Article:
The Peace of Ancient Magnolias

Ancient Magnolia:

Peaceful Witness to Deeper Time

Come sit by me.
I have been here for such a long long time.
Lots of coming and going.
Still I watch.
Here is a spot for you, under my canopy.
No one can see you in here, but me, and no one is looking, not even me. There is a lot of space and even a low branch here;
I will hold you while you sit, and your feet can still reach the ground.
Just relax.
See what it is like to look out from here.
Come sit.

Magnolia, an ancient tree with large fragrant flowers, evolved before there were bees. (Bees evolved around 120 million years ago.) Let that sink in. Before there were bees, there were Magnolia trees.

Magnolias appear to be the first flowering plant. Before that, only conifers and cycads grew; and before that, only horsetails and ferns. Their flowers are pollinated by beetles, whom they attract with their strong fragrant scent. The flowers evolved to be somewhat tough to withstand the beetles exploration with their mandibles. Often appearing before the leaves on the deciduous versions, the flowers may be the first to bloom in spring in some varieties.

“Magnolias have witnessed the movement of continents, the proliferation of mammals, the emergence of hominids who use tools. They have endured the many climactic changes of the interglacial period. They hold the perspective of deep time. To contemplate how much they have seen is to remind oneself of the brief moment humans have walked this strange and wondrous planet.” (Janet Kent)

Magnolia’s historic distribution, prior to the last ice age, would have been across most of mainland Europe and the rest of the northern hemisphere, though since the last ice age its native range has predominantly been Asia and eastern America. Yes, one of those interesting plants that grows in both Asia and the Appalachians.

“The bark has been used in Traditional Chinese Medicine, and Japanese Traditional Medicine. It is very fragrant and contains large amount of two aromatic compounds called magnolol and honokiol. It was common to find it used to help support healthy digestion. Magnolia’s ‘stimulant’ and ‘tonic’ benefits were included in the U. S. Pharmacopoeia from 1820 -1894. Much of the research on this plant has centered around these two constituents. Magnolia bark and it’s various constituents have been shown to modulate cortisol production. The bark is commonly used in formulas to support healthy response to stress and calm occasional nervousness as well as to support sleep.” (Gaia Herbs website)

My grandparent’s, my mother’s parents Ruby and Lindsay, had a large magnolia in their front yard. Set back against the tall hedge that ran the length of their property, Magnolia fanned out wide, her low branches to the ground,her high branches facing the sky.Underneath that deep canopy was a playground of immense proportions to a child. While the grown ups sat on the porch on my Nana’s white wicker furniture, I spent hours under there, alone and with my cousins, playing all sorts of games and passing the long afternoons of a southern spring, summer and fall. And maybe even a warm winter day.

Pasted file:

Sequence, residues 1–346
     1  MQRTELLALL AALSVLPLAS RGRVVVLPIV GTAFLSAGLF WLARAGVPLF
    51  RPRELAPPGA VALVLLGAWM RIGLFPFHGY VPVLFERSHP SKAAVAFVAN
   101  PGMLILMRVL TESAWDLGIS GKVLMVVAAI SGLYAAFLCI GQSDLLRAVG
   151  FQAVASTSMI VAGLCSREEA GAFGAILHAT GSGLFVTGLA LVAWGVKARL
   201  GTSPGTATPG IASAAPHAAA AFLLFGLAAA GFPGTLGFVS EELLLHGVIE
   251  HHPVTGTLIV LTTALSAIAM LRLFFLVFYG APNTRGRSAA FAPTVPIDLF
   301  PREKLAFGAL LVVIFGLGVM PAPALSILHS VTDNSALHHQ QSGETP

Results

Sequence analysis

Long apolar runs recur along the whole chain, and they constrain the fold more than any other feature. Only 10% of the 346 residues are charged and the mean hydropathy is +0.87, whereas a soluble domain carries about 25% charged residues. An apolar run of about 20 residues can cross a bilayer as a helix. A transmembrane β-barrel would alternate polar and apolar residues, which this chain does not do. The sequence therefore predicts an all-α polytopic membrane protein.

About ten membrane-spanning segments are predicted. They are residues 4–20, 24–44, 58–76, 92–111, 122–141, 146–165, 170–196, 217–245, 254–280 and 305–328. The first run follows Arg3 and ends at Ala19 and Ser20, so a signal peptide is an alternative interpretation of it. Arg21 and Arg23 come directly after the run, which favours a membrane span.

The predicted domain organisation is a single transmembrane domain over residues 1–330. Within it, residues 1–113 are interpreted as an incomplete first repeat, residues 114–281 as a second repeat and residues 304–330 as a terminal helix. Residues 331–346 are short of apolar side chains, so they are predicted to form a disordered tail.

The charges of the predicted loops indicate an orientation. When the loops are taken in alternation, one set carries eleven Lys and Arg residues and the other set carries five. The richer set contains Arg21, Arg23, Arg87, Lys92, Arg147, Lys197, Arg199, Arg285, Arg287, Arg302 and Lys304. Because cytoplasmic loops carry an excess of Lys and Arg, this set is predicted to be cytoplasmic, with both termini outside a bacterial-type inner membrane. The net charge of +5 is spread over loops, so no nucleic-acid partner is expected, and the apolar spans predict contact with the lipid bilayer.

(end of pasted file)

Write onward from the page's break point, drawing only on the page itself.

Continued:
What I remember most, though, is how safe I felt there. So tucked in and protected. The deep green large leathery leaves made almost a wall to the rest of the yard, there was a small opening on the right side of the tree facing the driveway, and a low branch just perfect for sitting on, rocking a little, and resting and imagining. My endlessly busy mind often drew me to other adventures — up to the chock-full attic, down to the old garage barn (watch out for snakes!) or into the kitchen to see what my Nana was baking that day. Yet Magnolia was always there, with a wide apron and shelter. Kind of like my Nana (though she was anything but wide).

There is a volunteer Magnolia growing right next to the driveway in my little house in Winston-Salem. Over the past several years, the concrete driveway has started to buckle and lift up from the growing roots of the Magnolia. Last summer, concerned for my tenant living in the house, I thought perhaps I should remove the Magnolia and repave the driveway. SIGH. I even got a few bids. But I couldn’t do it. My heart kept saying: what do we need? more concrete for car parking or more trees? (And thankfully, for now, my tenant says she likes the tree and isn’t concerned about the driveway.) I have even envisioned shifting the driveway when I really have to tend it. I know, I know, I can hear the lawyers saying “what if your tenant ……?” And the neighbors with the very nice concrete and fancy yard saying “Isn’t she letting her place go? She doesn’t even live here. What a mess.”  And yes, I am letting things be for now. It feels right in my heart.

When I really look, what I see is Magnolia showing me what is it like to keep growing through and maybe, just maybe, break up what seems like permanent constriction (and construction). Eventually. Just keep breathing. And offering presence.

Anyway, there’s a little view of my heart, and my heart’s longing to step into deeper time and observe through Magnolia’s lens, through the gentleness and the wisdom of eons of coming and going. Eons on the breath of Gaia.

The time we have been here as a species in very short. Each of our lifetimes pass in the blink of an eye. If this time of confinement is hard for you, for any reason, try spending time with these unfathomably old trees.

If you live in the Southeastern US, rejoice that you do not have to travel to see the Redwoods or the Gingko, more well known ancient trees: just walk outside and breathe in this ancient enduring presence. May we learn with Magnolia to breathe and endure through the changes, in peace.

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